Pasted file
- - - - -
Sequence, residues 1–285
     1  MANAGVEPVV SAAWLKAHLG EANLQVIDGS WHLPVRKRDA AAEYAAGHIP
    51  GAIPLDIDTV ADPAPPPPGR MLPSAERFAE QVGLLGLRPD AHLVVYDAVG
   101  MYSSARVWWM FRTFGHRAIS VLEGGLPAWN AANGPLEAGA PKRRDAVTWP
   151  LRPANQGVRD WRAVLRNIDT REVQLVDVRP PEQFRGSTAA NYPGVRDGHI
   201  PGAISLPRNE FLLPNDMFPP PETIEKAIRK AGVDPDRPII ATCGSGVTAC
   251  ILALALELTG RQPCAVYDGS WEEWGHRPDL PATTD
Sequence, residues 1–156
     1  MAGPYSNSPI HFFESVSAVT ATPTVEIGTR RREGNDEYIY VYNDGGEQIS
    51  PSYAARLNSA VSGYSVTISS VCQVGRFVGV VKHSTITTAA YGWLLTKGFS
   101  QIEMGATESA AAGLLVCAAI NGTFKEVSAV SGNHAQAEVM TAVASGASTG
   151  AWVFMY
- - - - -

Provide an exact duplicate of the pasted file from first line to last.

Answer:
Sequence, residues 1–285
     1  MANAGVEPVV SAAWLKAHLG EANLQVIDGS WHLPVRKRDA AAEYAAGHIP
    51  GAIPLDIDTV ADPAPPPPGR MLPSAERFAE QVGLLGLRPD AHLVVYDAVG
   101  MYSSARVWWM FRTFGHRAIS VLEGGLPAWN AANGPLEAGA PKRRDAVTWP
   151  LRPANQGVRD WRAVLRNIDT REVQLVDVRP PEQFRGSTAA NYPGVRDGHI
   201  PGAISLPRNE FLLPNDMFPP PETIEKAIRK AGVDPDRPII ATCGSGVTAC
   251  ILALALELTG RQPCAVYDGS WEEWGHRPDL PATTD
Sequence, residues 1–156
     1  MAGPYSNSPI HFFESVSAVT ATPTVEIGTR RREGNDEYIY VYNDGGEQIS
    51  PSYAARLNSA VSGYSVTISS VCQVGRFVGV VKHSTITTAA YGWLLTKGFS
   101  QIEMGATESA AAGLLVCAAI NGTFKEVSAV SGNHAQAEVM TAVASGASTG
   151  AWVFMY